Ούτος γουν ο λόγος, ο Χρίστος και του είναι πάλαι ημας, ήν γαρ εν θεώ, και του ευ είναι. Νυν δε επιφάνη ανθρώπους, , αυτός ούτος ο λόγος, ο μόνος άμφω θεός τε και άνθρωπος,
arávrwv nav airios aya0cv, saith Clemens, Adhort. ad Gentes. “He therefore is the Word, the cause of old of our being, for he was in God, and the cause of our well-being. But now he hath appeared unto men, the same eternal Word, who alone is both God and man, and unto us the cause of all that is good. As he was in God the cause of our being and well-being from eternity; he was the foundation of the divine counsels in the way explained ; and in his incarnation, the execution of them all was committed unto him, that through him all actual good, all the fruits of those counsels might be communicated unto us.
Chap. v. He is also declared in the next place, as he is the image and great representative of God, even the Father, unto the church. On what various accounts he is so called, is fully declared in the discourse itself. In his divine person, as he was the only-begotten of the Father from eternity, he is the essential image of the Father, by the generation of his person, and the communication of the divine nature unto him therein. As he is incarnate, he is both in his own entire person God and man, and in the administration of his office, the image or representative of the nature and will of God unto us, as is fully proved. So speaks Clem. Alexandrin. Admonit. ad Gentes ; 'H pev yap rou Otoū sikwy ο λόγος αυτού, και υιός του νου γνήσιος, ο θείος λόγος, φωτός αρχέτυπον φως, είκων δε του λόγου ο άνθρωπος. “The image of God is his own word, the natural Son of the' (eternal) • mind, the divine Word, the original Light of light; and the image of the Word is man. And the same author again, Pædagog. Ipóownov toŰ Okov o lóyos, ώ φωτίζεται ο θεος και γνωρίζεται. “The Word is the face, the countenance, the representation of God, in whom he is brought to light and made known.' As he is in his divine person his eternal, essential image; so in his incarnation, as the teacher of men, he is the representa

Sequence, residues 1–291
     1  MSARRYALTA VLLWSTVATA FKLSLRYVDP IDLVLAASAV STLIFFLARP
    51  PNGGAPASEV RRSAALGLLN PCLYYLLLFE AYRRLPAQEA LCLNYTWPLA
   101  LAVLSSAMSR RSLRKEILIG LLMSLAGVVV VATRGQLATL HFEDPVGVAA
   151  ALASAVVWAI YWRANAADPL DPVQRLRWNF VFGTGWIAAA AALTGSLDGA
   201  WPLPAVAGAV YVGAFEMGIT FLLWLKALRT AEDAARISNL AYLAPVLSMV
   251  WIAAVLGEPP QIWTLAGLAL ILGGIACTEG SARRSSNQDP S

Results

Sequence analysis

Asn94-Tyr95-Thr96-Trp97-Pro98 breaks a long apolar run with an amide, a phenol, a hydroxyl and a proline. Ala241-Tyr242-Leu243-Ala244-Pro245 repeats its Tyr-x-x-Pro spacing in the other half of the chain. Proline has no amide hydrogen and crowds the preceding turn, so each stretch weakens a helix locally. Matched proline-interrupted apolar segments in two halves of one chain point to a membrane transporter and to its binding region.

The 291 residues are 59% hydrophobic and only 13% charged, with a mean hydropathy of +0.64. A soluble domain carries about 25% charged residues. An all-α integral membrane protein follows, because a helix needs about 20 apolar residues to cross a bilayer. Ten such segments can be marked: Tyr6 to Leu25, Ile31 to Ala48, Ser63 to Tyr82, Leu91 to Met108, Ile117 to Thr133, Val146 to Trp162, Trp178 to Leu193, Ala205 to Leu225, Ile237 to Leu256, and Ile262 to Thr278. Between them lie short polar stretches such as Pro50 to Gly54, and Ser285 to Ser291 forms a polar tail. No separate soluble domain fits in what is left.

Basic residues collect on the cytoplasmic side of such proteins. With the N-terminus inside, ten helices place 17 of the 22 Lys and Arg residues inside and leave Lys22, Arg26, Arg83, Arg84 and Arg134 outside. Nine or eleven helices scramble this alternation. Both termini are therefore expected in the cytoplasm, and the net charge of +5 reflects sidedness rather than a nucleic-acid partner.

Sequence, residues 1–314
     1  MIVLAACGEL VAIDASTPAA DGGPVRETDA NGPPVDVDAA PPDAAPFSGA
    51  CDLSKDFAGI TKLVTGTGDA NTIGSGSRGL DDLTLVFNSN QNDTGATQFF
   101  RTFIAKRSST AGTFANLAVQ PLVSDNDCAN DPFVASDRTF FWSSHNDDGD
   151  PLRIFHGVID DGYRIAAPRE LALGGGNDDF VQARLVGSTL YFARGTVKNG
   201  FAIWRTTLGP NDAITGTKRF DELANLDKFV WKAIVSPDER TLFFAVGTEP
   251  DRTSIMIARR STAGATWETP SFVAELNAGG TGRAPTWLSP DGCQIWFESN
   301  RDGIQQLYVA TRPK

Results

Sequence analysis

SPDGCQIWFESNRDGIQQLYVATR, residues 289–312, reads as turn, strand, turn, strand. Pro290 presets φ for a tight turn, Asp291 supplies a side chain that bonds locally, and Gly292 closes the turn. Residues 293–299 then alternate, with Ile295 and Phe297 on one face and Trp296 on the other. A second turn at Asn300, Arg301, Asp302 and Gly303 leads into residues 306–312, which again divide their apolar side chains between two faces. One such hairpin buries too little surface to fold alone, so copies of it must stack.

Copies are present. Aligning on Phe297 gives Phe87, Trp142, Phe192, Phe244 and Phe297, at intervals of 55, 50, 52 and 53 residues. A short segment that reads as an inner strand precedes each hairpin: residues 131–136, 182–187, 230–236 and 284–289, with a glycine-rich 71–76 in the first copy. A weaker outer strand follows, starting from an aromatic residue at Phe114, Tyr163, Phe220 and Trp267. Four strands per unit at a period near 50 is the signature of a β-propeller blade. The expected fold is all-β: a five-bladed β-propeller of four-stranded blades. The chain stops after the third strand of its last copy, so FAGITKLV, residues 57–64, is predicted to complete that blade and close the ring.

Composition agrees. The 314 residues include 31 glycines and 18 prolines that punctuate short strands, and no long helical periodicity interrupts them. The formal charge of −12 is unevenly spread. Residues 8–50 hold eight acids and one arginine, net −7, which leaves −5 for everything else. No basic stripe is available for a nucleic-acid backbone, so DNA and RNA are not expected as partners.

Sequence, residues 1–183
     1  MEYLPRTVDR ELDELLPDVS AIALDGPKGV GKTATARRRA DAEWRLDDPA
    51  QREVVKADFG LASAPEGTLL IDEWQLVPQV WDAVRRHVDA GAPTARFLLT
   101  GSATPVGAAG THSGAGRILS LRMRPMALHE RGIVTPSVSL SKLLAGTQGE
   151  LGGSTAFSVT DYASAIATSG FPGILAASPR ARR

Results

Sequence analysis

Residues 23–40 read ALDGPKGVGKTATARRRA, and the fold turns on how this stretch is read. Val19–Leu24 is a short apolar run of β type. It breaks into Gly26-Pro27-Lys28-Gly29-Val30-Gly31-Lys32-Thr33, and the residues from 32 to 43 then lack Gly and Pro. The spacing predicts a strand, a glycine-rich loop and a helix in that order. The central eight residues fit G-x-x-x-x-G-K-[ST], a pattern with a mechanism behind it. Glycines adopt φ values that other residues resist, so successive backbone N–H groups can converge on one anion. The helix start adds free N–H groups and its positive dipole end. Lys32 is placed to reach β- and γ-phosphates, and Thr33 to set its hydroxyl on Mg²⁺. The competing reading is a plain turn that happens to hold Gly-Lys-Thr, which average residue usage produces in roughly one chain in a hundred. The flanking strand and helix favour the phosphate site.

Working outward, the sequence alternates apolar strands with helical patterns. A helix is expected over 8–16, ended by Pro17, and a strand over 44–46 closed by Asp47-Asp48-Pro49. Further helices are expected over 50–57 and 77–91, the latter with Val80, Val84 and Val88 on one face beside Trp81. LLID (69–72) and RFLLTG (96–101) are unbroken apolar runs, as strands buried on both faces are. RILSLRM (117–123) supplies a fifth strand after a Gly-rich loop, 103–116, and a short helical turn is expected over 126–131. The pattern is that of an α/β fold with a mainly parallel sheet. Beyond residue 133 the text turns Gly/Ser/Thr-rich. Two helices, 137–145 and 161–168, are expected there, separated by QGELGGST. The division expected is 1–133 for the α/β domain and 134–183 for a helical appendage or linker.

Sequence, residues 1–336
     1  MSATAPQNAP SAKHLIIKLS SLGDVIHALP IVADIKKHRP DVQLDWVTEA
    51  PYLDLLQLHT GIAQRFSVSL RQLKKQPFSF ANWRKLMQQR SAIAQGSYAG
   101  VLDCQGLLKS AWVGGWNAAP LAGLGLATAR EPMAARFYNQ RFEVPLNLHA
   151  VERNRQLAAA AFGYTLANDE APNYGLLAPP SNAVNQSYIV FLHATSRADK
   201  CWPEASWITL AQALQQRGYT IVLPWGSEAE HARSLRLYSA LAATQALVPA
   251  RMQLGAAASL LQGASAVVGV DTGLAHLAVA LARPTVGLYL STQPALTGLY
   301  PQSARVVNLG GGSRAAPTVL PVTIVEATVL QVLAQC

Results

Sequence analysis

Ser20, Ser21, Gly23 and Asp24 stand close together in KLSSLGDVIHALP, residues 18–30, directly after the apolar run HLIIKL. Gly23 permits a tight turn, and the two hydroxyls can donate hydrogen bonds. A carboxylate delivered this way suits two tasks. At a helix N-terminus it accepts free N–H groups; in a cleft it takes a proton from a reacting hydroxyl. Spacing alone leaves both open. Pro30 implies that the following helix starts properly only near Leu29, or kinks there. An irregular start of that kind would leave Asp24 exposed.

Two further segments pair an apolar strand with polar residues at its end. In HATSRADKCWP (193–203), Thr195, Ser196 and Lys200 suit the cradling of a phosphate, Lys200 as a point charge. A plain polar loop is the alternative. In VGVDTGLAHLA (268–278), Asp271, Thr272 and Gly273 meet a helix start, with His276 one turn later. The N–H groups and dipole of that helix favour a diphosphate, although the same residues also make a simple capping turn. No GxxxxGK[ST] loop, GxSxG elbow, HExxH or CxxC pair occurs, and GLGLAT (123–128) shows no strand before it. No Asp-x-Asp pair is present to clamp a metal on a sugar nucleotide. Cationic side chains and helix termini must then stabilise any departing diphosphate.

tive image of God unto the church, as is afterward declared.
So also Jerome expresseth his mind herein, Comment. in Psal. lxvi. Illuminet vultum suum super nos; Dei facies quæ est ? utique imago ejus. Dicit enim apostolus imaginem Patris esse filium; ergo imaginé sua nos illuminet; hoc est, imaginem suam filium illuminet super nos; ut ipse nos illuminet; lux enim Patris lux filii est.' 'Let him cause his face to shine upon us; or lift up the light of his countenance upon us. What is the face of God, even his image ? For the apostle says, that the Son is the image of the Father. Wherefore let him shine on us with his image ; that is, cause his Son, which is his image, to shine upon us, that he may illuminate us; for the light of the Father and of the Son are the same.' Christ being the image of God, the face of God, in him is God represented unto us, and through him are all saving benefits communicated unto them that believe.